Putnam, William Clement (1937) The geology of the Mono Craters, California. Dissertation (Ph.D.), California Institute of Technology. http://resolver.caltech.edu/CaltechTHESIS:05142012-135105262
The Mono Craters are a chain of extinct obsidian domes, coulees, and lapilli cones lying south of Mono Lake in eastern California. They are slightly more than ten miles long, are ranged along a curving fracture roughly parallel to the Sierra Nevada, and are divided into three nearly equal parts by two large obsidian flows, or coulees. In general, there has been a shift of activity from the center of the range to the two extremities.
The volcanic vents in the Mono Craters, in the typical case, pass through a sequence in which activity commences with a series of explosions. Ash and lapilli are hurled out, and a funnel shaped explosion pit is formed. The explosions are succeeded by the rise of an obsidian dome near the center of the lapilli ring. The dome expands beyond the confines of the lapilli collar and produces a coulee if a sufficient volume of obsidian reaches the surface. Explosions of decreasing intensity may occur during any of the later stages in the sequence.
The structure of the average obsidian dome is determined by the viscous nature of the semi-solid obsidian, and the narrow conduit through which it rises. The lava expands in a sheaf-like form upon reaching the surface. The obsidian is traversed by a multitude of joints on cooling, and rapidly disintegrates into angular blocks. The force responsible for the elevation of the obsidian is not known, but may well be exerted by the gas contained in the magma.
The principal rock types in the Mono Craters are the frothy lapilli of the explosion vents; gray or purple, sanidine-bearing, pumiceous obsidian; black, vitreous obsidian; and the near-rhyolitic variety of "intrusive obsidian" found in the deeper parts of the volcanic conduits. Associated with the obsidian of the Mono Craters are two older rocks, the West Portal Rhyolite and the Black Butte Basalt. The nature of the West Portal Rhyolite, and its relation to the older glacial deposits, is clearly shown by the cross-section exposed in the water tunnel driven under the southern end of the craters by the Los Angeles Bureau of Water Works and Supply.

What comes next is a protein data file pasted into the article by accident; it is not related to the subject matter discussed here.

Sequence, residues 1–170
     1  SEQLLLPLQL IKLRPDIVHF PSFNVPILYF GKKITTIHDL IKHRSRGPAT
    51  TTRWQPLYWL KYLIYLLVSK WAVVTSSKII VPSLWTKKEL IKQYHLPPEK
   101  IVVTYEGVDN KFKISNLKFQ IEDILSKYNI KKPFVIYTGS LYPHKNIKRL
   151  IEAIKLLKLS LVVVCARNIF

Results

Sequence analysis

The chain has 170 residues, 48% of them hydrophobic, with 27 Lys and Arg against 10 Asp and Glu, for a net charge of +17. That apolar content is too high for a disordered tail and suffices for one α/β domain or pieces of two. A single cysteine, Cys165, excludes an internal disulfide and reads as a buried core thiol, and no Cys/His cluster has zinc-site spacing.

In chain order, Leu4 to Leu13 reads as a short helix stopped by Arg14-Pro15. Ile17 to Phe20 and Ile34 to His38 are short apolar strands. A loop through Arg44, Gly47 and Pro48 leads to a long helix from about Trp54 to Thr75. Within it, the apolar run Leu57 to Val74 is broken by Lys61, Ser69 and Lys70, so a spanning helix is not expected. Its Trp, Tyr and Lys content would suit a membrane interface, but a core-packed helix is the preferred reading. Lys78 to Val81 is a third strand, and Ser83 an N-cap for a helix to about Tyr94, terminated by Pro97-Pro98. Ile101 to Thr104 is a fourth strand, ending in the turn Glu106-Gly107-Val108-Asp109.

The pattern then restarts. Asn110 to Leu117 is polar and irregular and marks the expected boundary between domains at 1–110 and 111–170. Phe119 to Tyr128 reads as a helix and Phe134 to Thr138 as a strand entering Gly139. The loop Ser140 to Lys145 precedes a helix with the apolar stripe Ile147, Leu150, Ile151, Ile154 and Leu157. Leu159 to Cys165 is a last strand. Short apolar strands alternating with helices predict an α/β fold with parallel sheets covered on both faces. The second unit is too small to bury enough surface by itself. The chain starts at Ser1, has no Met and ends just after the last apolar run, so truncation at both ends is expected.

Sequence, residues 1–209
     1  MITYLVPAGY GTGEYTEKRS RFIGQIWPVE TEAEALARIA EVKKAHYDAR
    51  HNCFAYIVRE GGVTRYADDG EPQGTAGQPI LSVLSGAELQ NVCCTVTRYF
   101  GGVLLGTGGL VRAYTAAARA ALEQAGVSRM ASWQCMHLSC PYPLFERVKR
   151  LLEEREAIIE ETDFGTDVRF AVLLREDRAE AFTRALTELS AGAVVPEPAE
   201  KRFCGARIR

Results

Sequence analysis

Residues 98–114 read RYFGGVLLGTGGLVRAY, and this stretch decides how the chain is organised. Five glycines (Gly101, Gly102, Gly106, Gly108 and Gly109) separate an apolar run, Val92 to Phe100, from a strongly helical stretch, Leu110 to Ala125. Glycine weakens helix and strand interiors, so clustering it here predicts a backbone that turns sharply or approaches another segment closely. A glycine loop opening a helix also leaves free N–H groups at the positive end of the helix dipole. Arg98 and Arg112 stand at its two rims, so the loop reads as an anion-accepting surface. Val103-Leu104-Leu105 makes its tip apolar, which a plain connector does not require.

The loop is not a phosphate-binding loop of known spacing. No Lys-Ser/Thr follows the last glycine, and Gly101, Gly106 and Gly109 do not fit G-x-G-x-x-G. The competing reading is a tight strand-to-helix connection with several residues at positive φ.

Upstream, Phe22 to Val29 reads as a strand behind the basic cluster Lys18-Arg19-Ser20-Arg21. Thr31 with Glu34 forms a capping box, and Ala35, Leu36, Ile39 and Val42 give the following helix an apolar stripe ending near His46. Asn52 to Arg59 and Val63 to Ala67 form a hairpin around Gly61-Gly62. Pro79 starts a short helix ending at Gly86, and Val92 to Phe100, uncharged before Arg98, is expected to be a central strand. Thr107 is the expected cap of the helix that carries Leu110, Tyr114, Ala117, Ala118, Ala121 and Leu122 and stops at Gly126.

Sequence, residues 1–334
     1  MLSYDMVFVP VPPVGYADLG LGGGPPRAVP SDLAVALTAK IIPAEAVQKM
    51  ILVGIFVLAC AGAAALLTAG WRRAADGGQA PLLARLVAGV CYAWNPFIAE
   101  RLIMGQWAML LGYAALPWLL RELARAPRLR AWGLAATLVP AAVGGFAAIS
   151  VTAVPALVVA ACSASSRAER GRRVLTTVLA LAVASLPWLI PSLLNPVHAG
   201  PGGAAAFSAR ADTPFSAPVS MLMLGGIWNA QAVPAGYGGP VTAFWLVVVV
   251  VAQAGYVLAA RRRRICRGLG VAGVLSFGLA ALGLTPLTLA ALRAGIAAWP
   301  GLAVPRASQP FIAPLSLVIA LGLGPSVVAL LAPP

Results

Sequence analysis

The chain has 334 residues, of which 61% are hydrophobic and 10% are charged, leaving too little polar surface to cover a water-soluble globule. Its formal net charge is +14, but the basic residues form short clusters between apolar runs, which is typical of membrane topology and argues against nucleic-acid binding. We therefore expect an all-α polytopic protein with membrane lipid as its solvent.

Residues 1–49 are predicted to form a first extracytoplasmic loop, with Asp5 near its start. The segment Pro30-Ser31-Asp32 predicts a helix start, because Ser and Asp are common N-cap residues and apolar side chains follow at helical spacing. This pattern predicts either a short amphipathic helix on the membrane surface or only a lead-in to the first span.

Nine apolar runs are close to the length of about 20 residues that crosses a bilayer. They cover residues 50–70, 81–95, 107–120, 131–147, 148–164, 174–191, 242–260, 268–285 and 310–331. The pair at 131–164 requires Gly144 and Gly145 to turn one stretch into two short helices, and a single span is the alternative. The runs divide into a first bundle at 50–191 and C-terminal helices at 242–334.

The Mono Craters were active in the late Pleistocene. Although some ash is interstratified with deposits of Mono Lake, no shorelines cut the more recent craters. The Southern Coulee buries one of the earlier lateral moraines of one of the principal Sierra glaciers. Explosion pits at the southeastern end of the craters erupted through the floor of a late Pleistocene lake, part of a chain lying to the east of the main group of craters.
|Item Type:||Thesis (Dissertation (Ph.D.))|
|Degree Grantor:||California Institute of Technology|
|Division:||Geological and Planetary Sciences|
|Thesis Availability:||Public (worldwide access)|
|Defense Date:||1 January 1937|
|Default Usage Policy:||No commercial reproduction, distribution, display or performance rights in this work are provided.|
|Deposited By:||Benjamin Perez|
|Deposited On:||15 May 2012 20:48|
|Last Modified:||26 Dec 2012 04:42|
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